Venues celebrate the latest cuts in red tape

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I am sure you would all agree that the expectations of the consumer in today’s environment is far greater than 10 years ago.  Technology is constantly evolving and there have been significant changes in society, and yet our industry has had to endure the same legislation incepted at a time of conservatism and rationalisation. Some would even go as far to say the legislation is archaic where the minority had the largest impact to any changes.

However, recent announcements have shown that our government is willing to give an individual the right to choose and is lessening the burden for venues.  Whilst this won’t instantaneously create more revenue, it will allow patrons greater flexibility in spending their recreational dollar.  With the online world growing exponentially over the past few years, the ease of shopping online has become increasingly attractive as well as the ability to entertain ourselves and others in our own homes. So what does this mean for the average hospitality venue?

Over many years, venues have earmarked diversification as a strategy to maintain or grow profits. Some venues have been restricted in relation to their size or location and have been forced to invest in other venues due to the restrictions on the number of EGMs (electronic gaming machines) and the ‘near rule’. This ‘near rule’ essentially stopped any venue from acquiring additional gaming sites out of the primary catchment of the main premises.  While clubs were restricted, hotels could acquire further sites with no restriction on locations.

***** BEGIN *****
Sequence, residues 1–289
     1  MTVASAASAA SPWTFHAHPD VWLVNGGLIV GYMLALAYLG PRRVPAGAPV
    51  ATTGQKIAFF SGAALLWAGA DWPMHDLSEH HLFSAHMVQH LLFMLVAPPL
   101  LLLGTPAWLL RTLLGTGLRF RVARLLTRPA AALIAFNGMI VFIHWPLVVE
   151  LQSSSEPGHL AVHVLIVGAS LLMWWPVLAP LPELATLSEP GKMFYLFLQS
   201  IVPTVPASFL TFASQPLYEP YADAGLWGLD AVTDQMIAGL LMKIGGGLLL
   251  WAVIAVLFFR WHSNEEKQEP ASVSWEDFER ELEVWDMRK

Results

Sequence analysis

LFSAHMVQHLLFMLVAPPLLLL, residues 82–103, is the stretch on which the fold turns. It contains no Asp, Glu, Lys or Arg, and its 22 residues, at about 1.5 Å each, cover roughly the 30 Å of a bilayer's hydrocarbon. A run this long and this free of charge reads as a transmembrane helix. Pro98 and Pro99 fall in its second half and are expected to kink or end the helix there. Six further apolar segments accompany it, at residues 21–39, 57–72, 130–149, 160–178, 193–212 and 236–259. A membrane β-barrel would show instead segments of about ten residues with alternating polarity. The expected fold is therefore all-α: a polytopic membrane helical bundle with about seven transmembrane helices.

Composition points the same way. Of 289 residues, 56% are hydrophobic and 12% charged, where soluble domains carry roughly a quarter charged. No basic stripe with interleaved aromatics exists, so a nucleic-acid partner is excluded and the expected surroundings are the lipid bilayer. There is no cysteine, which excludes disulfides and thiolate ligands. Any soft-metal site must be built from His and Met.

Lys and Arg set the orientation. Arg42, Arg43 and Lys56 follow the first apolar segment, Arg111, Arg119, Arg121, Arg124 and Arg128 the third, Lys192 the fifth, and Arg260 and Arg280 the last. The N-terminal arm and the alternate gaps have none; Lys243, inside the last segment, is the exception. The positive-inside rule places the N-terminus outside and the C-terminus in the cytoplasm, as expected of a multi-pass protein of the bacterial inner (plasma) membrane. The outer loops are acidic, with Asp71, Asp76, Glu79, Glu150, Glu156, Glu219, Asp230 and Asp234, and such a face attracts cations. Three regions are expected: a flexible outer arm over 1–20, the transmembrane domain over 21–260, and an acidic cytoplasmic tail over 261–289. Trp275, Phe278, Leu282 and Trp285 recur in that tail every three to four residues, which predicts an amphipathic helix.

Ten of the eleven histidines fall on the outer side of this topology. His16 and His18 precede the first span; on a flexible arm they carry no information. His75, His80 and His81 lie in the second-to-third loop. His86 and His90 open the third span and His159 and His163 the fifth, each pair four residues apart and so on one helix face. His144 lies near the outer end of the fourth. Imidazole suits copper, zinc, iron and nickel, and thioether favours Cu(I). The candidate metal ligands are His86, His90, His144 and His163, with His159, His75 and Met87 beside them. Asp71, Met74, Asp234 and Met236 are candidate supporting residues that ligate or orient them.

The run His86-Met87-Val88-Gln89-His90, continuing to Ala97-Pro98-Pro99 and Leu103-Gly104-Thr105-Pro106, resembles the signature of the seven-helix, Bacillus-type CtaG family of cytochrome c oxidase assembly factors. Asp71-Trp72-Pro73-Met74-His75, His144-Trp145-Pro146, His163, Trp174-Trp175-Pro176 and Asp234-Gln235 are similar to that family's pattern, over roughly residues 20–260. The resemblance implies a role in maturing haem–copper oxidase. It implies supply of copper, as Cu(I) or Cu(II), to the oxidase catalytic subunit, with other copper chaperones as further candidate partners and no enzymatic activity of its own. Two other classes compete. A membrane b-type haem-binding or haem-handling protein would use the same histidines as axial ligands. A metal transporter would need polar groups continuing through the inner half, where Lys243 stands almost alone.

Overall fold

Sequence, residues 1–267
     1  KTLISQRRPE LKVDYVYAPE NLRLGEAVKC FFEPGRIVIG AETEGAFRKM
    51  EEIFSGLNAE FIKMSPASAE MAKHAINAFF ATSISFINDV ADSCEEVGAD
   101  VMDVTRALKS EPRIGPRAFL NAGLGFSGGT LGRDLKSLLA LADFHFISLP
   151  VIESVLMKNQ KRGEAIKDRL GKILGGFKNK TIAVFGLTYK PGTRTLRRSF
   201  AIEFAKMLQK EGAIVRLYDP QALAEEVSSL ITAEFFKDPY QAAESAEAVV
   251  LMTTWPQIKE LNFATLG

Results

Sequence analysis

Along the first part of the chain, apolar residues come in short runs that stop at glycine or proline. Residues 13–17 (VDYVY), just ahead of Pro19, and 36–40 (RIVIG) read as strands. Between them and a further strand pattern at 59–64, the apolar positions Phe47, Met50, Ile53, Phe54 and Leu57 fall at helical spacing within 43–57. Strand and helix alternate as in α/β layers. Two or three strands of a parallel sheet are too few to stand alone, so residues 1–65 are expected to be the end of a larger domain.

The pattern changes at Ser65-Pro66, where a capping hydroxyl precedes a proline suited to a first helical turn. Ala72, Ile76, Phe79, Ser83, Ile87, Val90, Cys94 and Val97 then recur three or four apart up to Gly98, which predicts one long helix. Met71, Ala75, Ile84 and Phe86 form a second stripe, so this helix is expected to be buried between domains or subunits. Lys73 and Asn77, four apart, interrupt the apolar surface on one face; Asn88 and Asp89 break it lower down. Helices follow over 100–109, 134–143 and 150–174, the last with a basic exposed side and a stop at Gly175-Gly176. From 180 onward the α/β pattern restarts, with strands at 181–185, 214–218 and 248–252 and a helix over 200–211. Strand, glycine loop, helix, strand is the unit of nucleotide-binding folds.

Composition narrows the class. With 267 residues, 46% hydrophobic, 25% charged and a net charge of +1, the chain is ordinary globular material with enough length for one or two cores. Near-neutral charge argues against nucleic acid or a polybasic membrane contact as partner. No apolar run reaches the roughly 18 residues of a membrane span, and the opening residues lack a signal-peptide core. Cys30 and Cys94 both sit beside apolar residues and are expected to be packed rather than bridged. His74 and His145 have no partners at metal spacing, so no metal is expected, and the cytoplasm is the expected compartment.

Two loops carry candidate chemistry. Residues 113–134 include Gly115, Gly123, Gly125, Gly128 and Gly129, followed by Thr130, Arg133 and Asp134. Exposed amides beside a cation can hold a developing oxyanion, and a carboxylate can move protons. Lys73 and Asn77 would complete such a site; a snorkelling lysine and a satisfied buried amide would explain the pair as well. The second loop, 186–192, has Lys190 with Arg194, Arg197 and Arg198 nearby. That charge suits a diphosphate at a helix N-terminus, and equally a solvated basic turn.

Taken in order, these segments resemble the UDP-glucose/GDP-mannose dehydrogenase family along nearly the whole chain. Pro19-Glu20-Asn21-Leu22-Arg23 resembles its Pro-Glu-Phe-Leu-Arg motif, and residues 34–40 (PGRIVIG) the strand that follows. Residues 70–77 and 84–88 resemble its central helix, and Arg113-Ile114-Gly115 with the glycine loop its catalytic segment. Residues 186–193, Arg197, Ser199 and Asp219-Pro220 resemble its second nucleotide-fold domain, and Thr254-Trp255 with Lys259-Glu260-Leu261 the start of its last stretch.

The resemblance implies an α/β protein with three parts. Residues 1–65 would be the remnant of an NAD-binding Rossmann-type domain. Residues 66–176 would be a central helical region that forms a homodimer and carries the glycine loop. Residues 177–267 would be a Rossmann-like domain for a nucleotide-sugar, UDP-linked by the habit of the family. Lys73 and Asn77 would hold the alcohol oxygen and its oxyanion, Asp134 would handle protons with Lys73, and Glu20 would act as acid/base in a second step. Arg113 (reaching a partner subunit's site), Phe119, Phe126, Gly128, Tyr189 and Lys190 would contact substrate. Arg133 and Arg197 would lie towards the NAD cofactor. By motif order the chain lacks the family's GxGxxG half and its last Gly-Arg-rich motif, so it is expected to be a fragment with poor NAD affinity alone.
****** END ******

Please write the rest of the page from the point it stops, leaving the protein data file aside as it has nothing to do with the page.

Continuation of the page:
The new changes now allow clubs to acquire further venues with the proximity rule dissipating.  Clubs have become a necessary social haven for local communities and those high growth areas can be explored. The new changes also provide more opportunity for struggling venues to gain assistance from larger, more profitable venues.   However, it’s advisable that venues ensure they undertake a comprehensive feasibility study and further market research before embarking on these options.

One thing is certain – the online environment is not going away any time soon.

These new legislative changes will certainly have an impact on consumer behaviour,  but venues must ensure that this is only the start of the process.  Continual planning and reinvestment is critical to every success and those venues who embrace the changes will ultimately prosper in the long run.

A summary of the latest announcements from the government are listed below;

  • Removing the ‘near rule’ so that struggling clubs can be aided by a neighbour, regardless of their distance, and make it easier to amalgamate.
  • Lifting the venue limit cap from 280 machines to 300.
  • In addition to the extra 20 machines for individual clubs, amalgamated entities will be able to have up to 450 gaming machines across two sites or 500 gaming machines across three sites, with no more than 300 machines at one venue. Note: While the state-wide cap isn’t changing, this will give you more flexibility, i.e. to amalgamate clubs (save those clubs who may not otherwise survive) and/or to expand beyond your current operation for example into Greenfield sites.
  • Removing the regional reallocation boundaries for clubs so that you can trade (sell/purchase/lease) gaming machine entitlements with other clubs across Queensland.
  • Increasing the maximum cash payout limit to $5,000 for every gaming venue in Queensland. Each venue wanting to make that change will no longer have to apply to OLGR for an increased limit.

For more information on the new legislation changes and how you can start preparing your venue to maximise the new opportunities, contact Danny Nixon-Smith on (07) 3878 9877 or email danny@dws.net.au.

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